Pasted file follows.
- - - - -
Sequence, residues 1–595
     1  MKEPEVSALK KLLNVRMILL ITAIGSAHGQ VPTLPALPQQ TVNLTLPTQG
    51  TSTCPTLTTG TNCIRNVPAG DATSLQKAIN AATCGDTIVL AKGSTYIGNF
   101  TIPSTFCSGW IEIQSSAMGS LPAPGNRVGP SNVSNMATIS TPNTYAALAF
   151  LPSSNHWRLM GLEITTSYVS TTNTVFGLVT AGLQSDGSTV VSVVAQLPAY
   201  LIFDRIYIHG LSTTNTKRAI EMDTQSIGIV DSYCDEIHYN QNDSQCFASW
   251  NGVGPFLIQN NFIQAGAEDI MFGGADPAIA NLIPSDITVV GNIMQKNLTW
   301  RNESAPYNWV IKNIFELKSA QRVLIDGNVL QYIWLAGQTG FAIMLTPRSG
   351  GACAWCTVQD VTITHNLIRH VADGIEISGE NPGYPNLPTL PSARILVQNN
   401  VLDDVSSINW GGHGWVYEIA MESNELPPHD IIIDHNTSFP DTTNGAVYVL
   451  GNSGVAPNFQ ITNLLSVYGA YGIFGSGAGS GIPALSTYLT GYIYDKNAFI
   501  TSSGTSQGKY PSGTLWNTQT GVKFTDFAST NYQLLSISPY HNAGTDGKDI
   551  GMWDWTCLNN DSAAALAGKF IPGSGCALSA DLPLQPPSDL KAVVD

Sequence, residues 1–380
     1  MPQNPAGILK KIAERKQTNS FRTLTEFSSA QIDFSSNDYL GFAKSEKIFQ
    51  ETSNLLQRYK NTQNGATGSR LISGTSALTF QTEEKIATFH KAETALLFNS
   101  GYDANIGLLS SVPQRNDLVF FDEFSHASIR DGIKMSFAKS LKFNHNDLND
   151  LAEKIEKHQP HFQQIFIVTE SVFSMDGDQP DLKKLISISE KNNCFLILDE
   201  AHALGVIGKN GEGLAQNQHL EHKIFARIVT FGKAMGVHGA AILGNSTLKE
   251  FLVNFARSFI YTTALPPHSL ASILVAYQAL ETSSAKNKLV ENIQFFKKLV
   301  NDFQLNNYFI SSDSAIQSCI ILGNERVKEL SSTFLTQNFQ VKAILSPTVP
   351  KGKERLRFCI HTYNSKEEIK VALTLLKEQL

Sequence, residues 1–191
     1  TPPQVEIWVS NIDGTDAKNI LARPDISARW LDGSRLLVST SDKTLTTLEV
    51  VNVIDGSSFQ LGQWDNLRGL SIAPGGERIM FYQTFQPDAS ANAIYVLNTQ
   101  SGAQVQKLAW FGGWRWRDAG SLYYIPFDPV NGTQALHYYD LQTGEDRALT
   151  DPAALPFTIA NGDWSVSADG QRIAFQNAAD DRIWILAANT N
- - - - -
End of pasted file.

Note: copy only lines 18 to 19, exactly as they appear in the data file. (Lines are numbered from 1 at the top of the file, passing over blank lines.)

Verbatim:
   151  LAEKIEKHQP HFQQIFIVTE SVFSMDGDQP DLKKLISISE KNNCFLILDE
   201  AHALGVIGKN GEGLAQNQHL EHKIFARIVT FGKAMGVHGA AILGNSTLKE